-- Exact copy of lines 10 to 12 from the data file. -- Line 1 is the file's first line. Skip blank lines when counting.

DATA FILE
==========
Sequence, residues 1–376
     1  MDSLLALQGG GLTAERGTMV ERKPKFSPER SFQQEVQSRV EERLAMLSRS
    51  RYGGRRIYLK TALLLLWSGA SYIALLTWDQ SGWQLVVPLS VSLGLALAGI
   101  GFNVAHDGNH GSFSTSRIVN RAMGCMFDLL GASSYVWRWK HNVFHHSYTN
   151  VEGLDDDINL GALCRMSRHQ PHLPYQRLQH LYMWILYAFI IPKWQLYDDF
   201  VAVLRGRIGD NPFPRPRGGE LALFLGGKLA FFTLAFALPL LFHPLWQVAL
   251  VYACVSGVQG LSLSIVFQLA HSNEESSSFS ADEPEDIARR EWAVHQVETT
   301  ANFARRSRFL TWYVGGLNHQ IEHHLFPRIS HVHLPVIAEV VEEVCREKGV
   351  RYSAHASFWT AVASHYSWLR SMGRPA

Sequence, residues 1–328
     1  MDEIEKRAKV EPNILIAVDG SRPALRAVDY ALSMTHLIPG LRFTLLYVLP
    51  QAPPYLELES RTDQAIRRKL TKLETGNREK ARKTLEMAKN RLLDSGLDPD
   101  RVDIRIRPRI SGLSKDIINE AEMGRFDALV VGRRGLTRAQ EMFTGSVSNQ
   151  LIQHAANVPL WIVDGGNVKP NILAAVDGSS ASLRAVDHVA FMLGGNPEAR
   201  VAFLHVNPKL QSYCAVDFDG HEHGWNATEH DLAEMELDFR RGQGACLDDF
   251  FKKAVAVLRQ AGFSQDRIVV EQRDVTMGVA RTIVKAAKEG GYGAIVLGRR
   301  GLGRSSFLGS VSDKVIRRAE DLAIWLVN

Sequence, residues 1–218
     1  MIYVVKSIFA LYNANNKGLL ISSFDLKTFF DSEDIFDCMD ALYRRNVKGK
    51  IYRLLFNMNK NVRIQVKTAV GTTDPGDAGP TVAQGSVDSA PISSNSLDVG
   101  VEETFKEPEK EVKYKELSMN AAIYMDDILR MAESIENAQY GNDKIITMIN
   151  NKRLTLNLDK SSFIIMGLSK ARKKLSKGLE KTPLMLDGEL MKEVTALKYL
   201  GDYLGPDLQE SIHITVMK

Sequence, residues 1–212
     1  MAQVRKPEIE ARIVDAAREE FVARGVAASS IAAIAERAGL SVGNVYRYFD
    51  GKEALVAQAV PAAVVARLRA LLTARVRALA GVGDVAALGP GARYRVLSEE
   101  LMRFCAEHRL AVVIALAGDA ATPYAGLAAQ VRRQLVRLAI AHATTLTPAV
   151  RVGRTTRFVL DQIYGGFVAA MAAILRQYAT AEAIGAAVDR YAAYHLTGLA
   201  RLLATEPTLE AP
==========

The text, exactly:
Sequence, residues 1–328
     1  MDEIEKRAKV EPNILIAVDG SRPALRAVDY ALSMTHLIPG LRFTLLYVLP
    51  QAPPYLELES RTDQAIRRKL TKLETGNREK ARKTLEMAKN RLLDSGLDPD